‘Goodbye for now’
Watching horrible events unfold on the news is one thing. Of course it breaks a heart to think that people are actually so awful that they are capable of rape, murder, kidnapping, etc. It can give you an extreme sense of hopelessness, and giving up on the goodness inside of becomes an easy thing to do. When you are on the other side of the camera talking about someone you knew that will never embrace you again, the experience is completely different.
That Sunday is burned in my memory, because no other day in my life has ever brought me so much pain and loss in one day. Rachel sat with me at church like she had every Sunday for the past six months. She was the kind of person you could say anything to and she would listen without judgment. I envied how pure and simple she saw the world and the people in it. This Sunday was different because I wouldn’t see her for a week. After service I gave her a hug and said “have a nice trip.” She said, “goodbye for now,” like she always did.
That afternoon a man walked onto the church’s campus with a gun and a backpack full of ammo. Most people know the story, but not like I do. He shot at Rachel’s van, and killed her sister instantly. They airlifted Rachel out of the parking lot, but reocery looked so bleak. That afternoon I had called friends who went to my church. They all picked up, except for Rachel. Every time I tried to call her I got this sinking feeling in my stomach, and I couldn’t breathe. Never have I felt a stronger premonition that something was wrong.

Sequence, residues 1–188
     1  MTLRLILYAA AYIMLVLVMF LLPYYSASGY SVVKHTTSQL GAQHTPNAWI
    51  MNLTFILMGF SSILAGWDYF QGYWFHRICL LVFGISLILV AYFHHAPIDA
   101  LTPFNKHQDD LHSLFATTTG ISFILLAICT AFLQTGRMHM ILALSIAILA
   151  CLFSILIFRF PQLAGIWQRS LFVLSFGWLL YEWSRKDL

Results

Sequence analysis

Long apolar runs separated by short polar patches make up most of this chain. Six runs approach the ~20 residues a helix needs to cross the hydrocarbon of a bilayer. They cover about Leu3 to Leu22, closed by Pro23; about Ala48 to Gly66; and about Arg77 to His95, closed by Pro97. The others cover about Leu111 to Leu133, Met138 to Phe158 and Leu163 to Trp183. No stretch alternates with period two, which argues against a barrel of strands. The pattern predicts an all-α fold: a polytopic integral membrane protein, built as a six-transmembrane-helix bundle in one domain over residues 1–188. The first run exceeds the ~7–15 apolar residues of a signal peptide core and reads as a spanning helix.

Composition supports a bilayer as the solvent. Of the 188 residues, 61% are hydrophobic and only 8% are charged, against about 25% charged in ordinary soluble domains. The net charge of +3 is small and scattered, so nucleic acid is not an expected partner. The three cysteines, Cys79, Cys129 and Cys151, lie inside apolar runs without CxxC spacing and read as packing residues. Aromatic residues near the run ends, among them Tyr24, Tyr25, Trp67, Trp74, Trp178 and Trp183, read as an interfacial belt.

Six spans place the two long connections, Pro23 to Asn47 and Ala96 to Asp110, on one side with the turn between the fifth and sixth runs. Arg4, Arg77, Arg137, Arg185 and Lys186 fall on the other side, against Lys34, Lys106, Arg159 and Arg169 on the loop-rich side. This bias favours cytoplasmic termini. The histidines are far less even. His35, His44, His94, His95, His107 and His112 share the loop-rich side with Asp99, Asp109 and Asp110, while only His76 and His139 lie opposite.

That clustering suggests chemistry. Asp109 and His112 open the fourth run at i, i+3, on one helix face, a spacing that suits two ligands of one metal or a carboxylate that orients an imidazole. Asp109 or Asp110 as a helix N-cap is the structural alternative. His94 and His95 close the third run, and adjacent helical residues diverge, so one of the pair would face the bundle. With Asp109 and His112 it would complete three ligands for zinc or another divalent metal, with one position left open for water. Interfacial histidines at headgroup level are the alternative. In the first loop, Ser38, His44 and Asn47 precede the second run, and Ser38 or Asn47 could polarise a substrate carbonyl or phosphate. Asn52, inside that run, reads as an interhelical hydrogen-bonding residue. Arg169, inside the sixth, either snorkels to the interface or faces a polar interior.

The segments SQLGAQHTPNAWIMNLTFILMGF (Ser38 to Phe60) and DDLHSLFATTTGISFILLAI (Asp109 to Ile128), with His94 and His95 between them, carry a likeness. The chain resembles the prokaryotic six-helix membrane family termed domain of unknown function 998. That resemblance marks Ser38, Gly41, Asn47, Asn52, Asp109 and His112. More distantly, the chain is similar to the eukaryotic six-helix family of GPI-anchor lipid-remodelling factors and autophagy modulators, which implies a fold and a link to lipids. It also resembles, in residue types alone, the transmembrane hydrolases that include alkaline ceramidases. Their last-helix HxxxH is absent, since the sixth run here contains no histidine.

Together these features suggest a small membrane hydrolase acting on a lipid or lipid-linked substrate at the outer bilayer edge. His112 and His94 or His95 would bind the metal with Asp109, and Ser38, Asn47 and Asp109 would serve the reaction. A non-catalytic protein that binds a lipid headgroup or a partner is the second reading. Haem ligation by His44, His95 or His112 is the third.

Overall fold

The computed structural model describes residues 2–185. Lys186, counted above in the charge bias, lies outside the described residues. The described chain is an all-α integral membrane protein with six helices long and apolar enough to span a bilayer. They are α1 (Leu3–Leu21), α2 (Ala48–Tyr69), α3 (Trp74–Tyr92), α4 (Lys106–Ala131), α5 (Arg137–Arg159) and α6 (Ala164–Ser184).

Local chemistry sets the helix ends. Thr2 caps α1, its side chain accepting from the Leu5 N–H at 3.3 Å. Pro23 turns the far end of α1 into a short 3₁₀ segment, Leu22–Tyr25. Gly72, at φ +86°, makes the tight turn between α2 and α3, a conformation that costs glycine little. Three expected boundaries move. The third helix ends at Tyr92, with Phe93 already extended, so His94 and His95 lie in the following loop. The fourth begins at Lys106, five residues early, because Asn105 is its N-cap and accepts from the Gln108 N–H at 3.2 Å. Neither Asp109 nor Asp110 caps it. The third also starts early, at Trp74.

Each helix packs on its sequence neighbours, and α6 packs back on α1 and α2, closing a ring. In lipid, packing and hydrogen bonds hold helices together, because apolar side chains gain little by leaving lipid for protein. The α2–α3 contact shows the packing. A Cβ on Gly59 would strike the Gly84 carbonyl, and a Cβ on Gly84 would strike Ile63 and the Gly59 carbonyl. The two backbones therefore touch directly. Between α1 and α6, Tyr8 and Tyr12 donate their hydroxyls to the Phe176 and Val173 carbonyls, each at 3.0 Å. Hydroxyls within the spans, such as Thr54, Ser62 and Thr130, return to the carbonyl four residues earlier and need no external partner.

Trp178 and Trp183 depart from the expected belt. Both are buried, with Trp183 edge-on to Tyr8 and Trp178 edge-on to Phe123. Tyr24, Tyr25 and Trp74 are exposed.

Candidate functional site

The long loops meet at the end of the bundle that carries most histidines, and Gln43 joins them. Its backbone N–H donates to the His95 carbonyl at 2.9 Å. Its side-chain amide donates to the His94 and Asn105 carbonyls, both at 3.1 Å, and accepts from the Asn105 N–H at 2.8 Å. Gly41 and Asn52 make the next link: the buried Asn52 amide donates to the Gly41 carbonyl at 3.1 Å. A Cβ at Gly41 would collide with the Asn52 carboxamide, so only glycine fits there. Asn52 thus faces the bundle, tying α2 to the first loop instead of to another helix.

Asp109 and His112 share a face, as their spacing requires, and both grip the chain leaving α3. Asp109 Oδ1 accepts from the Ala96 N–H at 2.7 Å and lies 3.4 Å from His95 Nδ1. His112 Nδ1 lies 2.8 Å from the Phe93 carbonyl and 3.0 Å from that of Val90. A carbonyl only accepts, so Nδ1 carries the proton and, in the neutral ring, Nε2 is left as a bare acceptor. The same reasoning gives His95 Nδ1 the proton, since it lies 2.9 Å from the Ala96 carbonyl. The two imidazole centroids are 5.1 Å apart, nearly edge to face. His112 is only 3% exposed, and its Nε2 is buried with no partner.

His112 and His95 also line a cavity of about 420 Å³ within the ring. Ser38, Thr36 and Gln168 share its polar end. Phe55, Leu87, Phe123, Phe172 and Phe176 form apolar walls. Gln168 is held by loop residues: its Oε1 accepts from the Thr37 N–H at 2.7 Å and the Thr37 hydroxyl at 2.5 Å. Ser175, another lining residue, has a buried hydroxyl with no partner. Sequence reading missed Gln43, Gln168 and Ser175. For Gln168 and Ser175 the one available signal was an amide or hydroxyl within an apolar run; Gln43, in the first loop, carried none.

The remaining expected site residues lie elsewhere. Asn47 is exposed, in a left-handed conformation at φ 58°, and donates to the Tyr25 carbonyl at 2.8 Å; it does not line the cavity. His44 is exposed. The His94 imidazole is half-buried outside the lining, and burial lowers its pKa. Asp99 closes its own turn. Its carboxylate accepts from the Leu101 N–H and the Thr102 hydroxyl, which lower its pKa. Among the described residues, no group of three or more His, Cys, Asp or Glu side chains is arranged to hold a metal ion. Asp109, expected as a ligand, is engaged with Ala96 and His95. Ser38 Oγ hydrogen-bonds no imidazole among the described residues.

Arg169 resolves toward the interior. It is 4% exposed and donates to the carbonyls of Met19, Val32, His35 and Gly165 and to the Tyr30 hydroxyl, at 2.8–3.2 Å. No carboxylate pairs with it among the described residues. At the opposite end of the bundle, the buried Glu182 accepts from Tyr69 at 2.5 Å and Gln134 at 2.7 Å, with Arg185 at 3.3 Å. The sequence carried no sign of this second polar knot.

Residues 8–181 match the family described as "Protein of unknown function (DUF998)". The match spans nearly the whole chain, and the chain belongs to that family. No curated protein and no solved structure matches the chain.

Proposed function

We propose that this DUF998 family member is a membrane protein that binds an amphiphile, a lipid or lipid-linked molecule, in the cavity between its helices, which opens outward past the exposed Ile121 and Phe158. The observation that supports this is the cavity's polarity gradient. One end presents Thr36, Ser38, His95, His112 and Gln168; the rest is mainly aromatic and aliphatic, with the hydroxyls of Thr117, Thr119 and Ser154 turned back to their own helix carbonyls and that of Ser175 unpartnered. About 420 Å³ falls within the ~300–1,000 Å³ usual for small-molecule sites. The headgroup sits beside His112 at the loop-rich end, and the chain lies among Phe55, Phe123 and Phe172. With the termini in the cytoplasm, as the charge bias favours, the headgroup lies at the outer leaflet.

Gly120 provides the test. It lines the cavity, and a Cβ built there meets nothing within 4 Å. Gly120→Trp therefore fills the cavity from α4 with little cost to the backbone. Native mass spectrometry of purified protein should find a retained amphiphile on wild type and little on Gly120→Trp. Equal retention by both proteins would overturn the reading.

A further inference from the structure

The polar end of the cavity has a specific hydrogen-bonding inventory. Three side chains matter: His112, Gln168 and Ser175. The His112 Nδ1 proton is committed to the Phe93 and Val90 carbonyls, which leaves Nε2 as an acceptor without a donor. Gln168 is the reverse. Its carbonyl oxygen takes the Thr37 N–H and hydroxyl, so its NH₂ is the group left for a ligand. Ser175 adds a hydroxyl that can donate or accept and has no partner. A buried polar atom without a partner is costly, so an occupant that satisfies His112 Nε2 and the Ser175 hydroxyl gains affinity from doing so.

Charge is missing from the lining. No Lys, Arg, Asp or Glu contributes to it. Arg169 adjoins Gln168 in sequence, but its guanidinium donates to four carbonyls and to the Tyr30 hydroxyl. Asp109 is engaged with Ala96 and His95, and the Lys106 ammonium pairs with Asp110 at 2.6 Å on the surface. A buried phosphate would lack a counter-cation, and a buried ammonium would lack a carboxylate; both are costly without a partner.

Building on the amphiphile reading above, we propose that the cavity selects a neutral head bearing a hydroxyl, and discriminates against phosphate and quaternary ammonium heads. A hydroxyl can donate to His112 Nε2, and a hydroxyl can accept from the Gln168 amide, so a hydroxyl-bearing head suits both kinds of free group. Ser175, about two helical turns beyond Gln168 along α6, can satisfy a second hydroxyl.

“Good bye for now.” Those words will forever haunt me in a way I can’t describe to you, the reader. Rachel’s murder changed me as a person forever. I still wear a band around my finger with her name on it not only to remember her, but this roadblock that I overcame eventually. Everyone has a moment of revelation; my epiphany taught me to overcome a grief so overwhelming I was paralyzed physically and emotionally. The darkest tunnel has a light at the end, and the most awful situation imaginable has a solution. My solution was forgiveness. It sounds so simple, but it took me four months to forgive the shooter for the pain he caused. I was so mad that he died instantly, I wanted him to die slowly, I wanted him to cry out in pain, I wanted him to feel what Rachel had felt in her last moments. I finally learned to throw these feelings out, and replace them with forgiveness. It was hard, but I apply this lesson to every aspect of my life.
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